The Dow Jones Industrial Average has posted second day of gains, rising 2.4% after witnessing its best one-day percentage gain since the Great Depression on Tuesday.
"Turnaround Tuesday" saw the bourse surging 11.4% or 2112.98 points during trading, on hopes of a $3.4 trillion COVID-19 stimulus package.
Other major US indexes posted mixed gains and losses overnight, with the S&P 500 rising a further 1.2% and the Nasdaq Composite falling 0.5%.
In the past two days, the Dow has lifted 14%, its largest two-day rally since 1987.
The surge comes as law makers signal the US Senate is close to passing a US$2 trillion stimulus bill, which will provide financial assistance to unemployed Americans and distressed industries impacted by the coronavirus.
The stimulus package reportedly includes US$500 billion to fund industries impacted by COVID-19, US$350 billion in small business loans, US$250 billion in aid for those out of work, US$75 billion for hospitals and payments of up to US$3000 for families.
It comes as the number of cases in the US soars to 66,132, with over 940 people dying from the virus. In New York alone, 30,000 people have tested positive for the coronavirus.
Anticipation of the stimulus bill, as well as positive sentiment around the Federal Reserve's new quantitative easing measures and slashed interest rates, has helped fuel US markets' two day rally.
However, according to Janus Henderson multi-asset portfolio manager Oliver Blackbourn, a return to a bull market at this stage is unlikely.
"Given this was likely the last major policy innovation from stretched policy makers, the question is what comes now?" He questioned.
"Will this be enough to send markets higher or will the focus return to the viral data and the uncertainty of the eventual economic impact? Incremental policy news is unlikely to have the same effect going forward."
Although exact details of the support package are still unknown, it should alleviate fears of further economic pain for individuals and companies, Blackbourn said.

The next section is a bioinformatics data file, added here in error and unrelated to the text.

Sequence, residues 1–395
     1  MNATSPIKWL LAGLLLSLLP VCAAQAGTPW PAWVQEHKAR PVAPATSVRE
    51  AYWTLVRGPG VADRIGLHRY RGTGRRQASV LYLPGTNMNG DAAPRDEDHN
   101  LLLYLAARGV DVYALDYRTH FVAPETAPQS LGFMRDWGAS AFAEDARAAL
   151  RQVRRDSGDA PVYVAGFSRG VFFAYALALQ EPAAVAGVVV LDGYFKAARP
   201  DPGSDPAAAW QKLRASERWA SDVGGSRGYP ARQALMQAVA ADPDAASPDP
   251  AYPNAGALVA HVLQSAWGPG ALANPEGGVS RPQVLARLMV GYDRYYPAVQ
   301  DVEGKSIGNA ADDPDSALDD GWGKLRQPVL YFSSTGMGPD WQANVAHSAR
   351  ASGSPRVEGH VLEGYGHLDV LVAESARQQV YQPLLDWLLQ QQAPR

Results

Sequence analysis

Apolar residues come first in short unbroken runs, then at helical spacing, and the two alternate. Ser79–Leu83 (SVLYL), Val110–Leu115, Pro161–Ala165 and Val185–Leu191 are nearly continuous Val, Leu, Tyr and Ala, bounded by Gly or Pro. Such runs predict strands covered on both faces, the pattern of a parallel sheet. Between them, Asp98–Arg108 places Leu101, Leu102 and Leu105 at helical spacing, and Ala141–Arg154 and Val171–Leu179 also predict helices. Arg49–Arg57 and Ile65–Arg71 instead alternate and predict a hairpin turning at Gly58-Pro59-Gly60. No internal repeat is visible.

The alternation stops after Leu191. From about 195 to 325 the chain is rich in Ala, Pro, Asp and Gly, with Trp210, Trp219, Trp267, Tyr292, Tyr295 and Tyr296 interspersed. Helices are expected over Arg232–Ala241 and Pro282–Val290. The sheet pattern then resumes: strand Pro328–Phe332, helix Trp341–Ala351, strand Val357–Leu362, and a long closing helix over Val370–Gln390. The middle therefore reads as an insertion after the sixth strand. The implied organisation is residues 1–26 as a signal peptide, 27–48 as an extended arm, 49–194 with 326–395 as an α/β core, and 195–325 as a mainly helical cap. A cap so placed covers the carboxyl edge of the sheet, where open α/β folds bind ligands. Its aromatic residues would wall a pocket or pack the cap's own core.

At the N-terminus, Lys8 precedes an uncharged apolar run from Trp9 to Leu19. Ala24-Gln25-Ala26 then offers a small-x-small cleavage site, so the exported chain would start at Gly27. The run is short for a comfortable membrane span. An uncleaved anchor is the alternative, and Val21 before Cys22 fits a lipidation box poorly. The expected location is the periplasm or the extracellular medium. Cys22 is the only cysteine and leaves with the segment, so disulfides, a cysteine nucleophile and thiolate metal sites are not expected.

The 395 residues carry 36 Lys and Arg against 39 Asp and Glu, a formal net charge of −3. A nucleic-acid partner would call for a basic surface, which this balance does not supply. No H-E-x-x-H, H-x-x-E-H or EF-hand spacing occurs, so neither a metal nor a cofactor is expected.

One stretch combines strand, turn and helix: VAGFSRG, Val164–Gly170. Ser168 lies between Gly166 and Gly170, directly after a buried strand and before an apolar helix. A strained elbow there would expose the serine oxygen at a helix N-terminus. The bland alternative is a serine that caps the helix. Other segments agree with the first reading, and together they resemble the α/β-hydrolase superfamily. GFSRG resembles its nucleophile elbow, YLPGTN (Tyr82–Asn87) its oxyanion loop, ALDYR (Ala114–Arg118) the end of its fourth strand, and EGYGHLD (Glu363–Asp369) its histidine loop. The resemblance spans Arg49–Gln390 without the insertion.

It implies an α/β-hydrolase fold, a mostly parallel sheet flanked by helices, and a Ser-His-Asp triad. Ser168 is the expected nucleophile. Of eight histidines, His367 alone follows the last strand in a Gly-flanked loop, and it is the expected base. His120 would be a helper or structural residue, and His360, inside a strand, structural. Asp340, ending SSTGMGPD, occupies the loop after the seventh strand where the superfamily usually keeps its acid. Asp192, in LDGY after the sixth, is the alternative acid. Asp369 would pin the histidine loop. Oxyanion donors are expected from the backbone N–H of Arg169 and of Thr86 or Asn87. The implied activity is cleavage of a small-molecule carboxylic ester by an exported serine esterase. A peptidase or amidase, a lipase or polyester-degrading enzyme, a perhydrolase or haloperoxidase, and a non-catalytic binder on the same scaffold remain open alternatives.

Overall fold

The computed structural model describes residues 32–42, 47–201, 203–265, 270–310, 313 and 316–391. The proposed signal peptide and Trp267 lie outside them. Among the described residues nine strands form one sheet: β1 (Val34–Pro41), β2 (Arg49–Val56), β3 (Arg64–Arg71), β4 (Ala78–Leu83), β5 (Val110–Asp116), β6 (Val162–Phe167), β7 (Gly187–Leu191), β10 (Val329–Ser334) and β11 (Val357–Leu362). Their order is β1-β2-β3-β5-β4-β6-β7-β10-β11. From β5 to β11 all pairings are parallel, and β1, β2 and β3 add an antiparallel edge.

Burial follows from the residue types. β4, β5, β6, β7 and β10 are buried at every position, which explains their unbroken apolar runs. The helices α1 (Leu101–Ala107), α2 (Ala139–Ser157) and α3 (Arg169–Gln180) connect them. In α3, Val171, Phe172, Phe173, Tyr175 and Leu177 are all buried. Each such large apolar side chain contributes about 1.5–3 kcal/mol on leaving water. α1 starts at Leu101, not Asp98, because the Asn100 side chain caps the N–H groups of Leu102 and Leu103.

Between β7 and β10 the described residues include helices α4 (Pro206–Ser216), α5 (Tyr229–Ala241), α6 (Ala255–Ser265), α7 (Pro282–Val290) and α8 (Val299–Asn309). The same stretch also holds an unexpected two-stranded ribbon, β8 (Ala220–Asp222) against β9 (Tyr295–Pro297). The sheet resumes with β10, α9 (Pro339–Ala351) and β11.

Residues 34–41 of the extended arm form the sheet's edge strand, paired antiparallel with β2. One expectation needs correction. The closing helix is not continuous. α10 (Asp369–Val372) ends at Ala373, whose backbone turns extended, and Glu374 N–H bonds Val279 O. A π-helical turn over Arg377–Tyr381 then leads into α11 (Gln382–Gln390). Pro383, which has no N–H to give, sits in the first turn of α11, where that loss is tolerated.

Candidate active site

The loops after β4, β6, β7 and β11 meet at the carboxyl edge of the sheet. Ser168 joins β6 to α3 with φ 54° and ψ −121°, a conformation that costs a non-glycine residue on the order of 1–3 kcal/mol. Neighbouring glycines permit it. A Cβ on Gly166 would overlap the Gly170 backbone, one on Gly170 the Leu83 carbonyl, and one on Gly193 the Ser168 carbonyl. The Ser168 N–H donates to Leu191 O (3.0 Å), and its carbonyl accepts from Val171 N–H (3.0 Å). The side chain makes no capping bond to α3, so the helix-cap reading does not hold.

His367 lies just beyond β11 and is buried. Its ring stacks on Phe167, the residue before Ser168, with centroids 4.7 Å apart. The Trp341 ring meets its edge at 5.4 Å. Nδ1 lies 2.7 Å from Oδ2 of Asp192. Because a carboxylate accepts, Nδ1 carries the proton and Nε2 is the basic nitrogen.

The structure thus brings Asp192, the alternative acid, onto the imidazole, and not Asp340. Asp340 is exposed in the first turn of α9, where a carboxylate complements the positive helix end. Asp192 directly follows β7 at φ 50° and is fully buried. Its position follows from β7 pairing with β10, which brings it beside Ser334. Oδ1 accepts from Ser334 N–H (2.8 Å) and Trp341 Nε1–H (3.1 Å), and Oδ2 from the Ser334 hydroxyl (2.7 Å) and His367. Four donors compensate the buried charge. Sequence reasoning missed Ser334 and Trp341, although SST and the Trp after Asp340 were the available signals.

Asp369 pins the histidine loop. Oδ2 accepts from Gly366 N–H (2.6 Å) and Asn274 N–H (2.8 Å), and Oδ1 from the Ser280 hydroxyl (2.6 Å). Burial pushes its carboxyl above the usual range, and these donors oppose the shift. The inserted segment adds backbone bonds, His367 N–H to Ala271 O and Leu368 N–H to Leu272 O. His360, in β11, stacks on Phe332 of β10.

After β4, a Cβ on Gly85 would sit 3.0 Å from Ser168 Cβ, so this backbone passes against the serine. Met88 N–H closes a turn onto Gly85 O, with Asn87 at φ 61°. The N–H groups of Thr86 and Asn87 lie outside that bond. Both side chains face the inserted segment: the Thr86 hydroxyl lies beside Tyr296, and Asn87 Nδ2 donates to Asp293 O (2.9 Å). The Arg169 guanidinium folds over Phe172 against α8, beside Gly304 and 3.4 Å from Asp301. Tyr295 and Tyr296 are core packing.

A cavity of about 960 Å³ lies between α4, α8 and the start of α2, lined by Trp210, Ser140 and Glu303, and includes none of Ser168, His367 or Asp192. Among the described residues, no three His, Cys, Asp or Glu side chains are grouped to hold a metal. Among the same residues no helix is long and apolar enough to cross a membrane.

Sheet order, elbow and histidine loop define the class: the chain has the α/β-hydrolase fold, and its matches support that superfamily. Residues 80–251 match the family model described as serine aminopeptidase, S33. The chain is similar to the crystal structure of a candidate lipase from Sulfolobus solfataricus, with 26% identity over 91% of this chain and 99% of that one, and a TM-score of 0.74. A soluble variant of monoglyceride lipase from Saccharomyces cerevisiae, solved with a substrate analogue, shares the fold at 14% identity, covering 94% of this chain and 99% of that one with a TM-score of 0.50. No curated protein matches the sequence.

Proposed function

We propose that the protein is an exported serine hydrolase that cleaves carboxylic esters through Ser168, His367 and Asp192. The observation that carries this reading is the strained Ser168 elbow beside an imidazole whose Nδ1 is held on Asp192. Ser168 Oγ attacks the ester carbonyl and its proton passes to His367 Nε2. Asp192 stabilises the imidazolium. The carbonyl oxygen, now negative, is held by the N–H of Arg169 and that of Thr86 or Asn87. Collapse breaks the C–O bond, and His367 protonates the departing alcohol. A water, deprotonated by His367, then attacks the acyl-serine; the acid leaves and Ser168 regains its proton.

"However, equities tend to act more on hope for the future than credit markets, which focus on the need to survive the intervening period," he said.
"Credit markets also moved higher yesterday, although it was noticeable that US dollar high yield debt is still close to its lows given that these companies are more likely to fall through the cracks in both Fed and government policies."
Perpetual also doesn't believe we have hit rock bottom yet.
"The rally was unconvincing with the US market in particular closing well off its peak and with little momentum," it said.
"As the environment is governed by massive uncertainty, large price declines and very high economic risk, elevated two-way volatility should be expected."
For investors to be sure that the market has hit its bottom, they should look to a stabilisation in the growth rate of COVID-19 cases in the world's three largest economies (China, Europe and the US), Perpetual said.
They should also look out for declining credit spreads, for the financial sector to undertake intermediation again, and a restoration in private sector balance sheets, it said.
"This combination will provide a steadfast foundation to bring unemployment down and create positive reinforcing feedback loops in terms of activity, profits, labour market gains and investments," Perpetual said.
"Risk markets will not have to see all four to begin their recovery, but investors need to remain cautious as major downside risks in markets are still prevalent and may spark when the economic damage from the sector closures reveals itself."
Read our full COVID-19 news coverage and analysis here.